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Publications (3)10.43 Total impact

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    ABSTRACT: Bottom-up, or shotgun, proteomics typically relies heavily on trypsin for its ease-of-use and reproducibility. Nonetheless, the need for greater sequencing depth and coverage has led researchers to develop complementary digestion approaches using other proteases. One such protease, endo-Lys-N [EC] (Lys-N), has been explored in considerable detail for its use in proteomics. Some of the advantages of Lys-N include the ability to perform digestions in strongly-denaturing conditions and its ability to produce peptides that yield ETD spectra which are generally less complex than their corresponding LysC or tryptic peptides. This attribute is particularly advantageous for de novo sequencing efforts by MS. Despite these advantages, the high cost of commercially-available Lys-N poses a barrier to its wider use within the research community. Here, we describe a novel protocol for a rapid purification of Lys-N from store-bought mushrooms which exploits both its thermal stability and high affinity for carboxymethyl cellulose. The resulting preparation exhibits comparable performance to a commercially available enzyme, as evidenced by LC-MS/MS analysis. The isolation can be completed in a few hours, and yields active enzyme at a fraction of the commercial cost.
    Current Proteomics 01/2013; 10(4). · 0.83 Impact Factor
  • Prashanthi Vallabhaneni, W Keith Ray, Brenda S J Winkel, Richard F Helm
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    ABSTRACT: Developments in mass spectrometry-based technologies are offering insights into the complexity and dynamic nature of plant metabolism. However, the ability to generate reliable metabolic profiles at high spatial resolution is still limited by the need of most technologies for large sample sizes or time-intensive extraction and detection methods. Here we describe the use of flow injection electrospray mass spectrometry for the rapid identification and semi-quantitative analysis of flavonol glycosides in individual root tips. This method uncovered spatial and temporal differences in metabolic profiles that were masked in analyses of whole roots or seedlings, while showing that individual biological replicates can be extremely consistent.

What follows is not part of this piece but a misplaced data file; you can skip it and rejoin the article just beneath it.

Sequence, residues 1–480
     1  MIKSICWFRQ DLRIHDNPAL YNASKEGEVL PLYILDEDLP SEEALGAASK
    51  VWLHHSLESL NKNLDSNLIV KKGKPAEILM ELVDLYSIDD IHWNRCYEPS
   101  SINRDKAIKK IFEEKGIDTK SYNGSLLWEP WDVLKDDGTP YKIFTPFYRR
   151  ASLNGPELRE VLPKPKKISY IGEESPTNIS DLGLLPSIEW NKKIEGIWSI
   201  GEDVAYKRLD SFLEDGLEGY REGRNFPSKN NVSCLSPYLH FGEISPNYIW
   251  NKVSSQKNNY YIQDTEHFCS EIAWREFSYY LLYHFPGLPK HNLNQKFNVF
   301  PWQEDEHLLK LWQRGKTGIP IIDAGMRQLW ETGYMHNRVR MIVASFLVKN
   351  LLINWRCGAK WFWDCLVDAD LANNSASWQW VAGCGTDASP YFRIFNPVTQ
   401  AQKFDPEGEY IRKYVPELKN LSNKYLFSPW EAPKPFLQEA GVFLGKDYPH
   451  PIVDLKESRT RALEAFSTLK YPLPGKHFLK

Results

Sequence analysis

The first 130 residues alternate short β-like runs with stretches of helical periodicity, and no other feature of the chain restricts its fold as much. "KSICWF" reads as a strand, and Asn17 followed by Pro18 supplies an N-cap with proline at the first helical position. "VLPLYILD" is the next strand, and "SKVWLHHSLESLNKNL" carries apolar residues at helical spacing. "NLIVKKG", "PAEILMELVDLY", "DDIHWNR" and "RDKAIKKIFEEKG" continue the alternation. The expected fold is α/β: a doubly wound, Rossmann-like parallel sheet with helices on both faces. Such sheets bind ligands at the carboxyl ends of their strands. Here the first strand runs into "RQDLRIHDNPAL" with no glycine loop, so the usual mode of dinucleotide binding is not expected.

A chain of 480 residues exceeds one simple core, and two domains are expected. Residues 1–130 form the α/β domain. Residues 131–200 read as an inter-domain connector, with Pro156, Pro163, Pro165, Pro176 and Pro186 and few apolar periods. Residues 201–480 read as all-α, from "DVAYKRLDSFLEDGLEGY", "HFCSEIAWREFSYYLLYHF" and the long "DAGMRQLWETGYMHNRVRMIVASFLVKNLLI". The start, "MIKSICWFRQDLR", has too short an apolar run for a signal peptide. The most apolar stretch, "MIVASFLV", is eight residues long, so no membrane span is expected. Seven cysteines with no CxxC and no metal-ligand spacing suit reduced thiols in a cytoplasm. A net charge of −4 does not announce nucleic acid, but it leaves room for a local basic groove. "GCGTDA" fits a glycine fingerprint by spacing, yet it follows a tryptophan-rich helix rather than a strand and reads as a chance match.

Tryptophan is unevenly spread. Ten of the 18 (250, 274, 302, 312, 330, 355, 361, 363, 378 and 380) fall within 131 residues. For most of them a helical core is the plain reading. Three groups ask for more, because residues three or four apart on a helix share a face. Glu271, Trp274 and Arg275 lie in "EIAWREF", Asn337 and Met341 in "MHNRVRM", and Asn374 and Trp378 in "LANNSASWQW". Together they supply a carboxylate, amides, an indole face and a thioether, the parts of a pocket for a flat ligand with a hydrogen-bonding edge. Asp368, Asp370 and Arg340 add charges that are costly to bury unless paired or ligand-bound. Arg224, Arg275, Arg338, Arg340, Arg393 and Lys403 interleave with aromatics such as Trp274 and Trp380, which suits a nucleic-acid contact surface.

Phytochemistry 11/2011; 73(1):114-8. · 3.05 Impact Factor
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    ABSTRACT: Auxin and ethylene are key regulators of plant growth and development, and thus the transcriptional networks that mediate responses to these hormones have been the subject of intense research. This study dissected the hormonal cross talk regulating the synthesis of flavonols and examined their impact on root growth and development. We analyzed the effects of auxin and an ethylene precursor on roots of wild-type and hormone-insensitive Arabidopsis (Arabidopsis thaliana) mutants at the transcript, protein, and metabolite levels at high spatial and temporal resolution. Indole-3-acetic acid (IAA) and 1-aminocyclopropane-1-carboxylic acid (ACC) differentially increased flavonol pathway transcripts and flavonol accumulation, altering the relative abundance of quercetin and kaempferol. The IAA, but not ACC, response is lost in the transport inhibitor response1 (tir1) auxin receptor mutant, while ACC responses, but not IAA responses, are lost in ethylene insensitive2 (ein2) and ethylene resistant1 (etr1) ethylene signaling mutants. A kinetic analysis identified increases in transcripts encoding the transcriptional regulators MYB12, Transparent Testa Glabra1, and Production of Anthocyanin Pigment after hormone treatments, which preceded increases in transcripts encoding flavonoid biosynthetic enzymes. In addition, myb12 mutants were insensitive to the effects of auxin and ethylene on flavonol metabolism. The equivalent phenotypes for transparent testa4 (tt4), which makes no flavonols, and tt7, which makes kaempferol but not quercetin, showed that quercetin derivatives are the inhibitors of basipetal root auxin transport, gravitropism, and elongation growth. Collectively, these experiments demonstrate that auxin and ethylene regulate flavonol biosynthesis through distinct signaling networks involving TIR1 and EIN2/ETR1, respectively, both of which converge on MYB12. This study also provides new evidence that quercetin is the flavonol that modulates basipetal auxin transport.
    Plant physiology 03/2011; 156(1):144-64. · 6.56 Impact Factor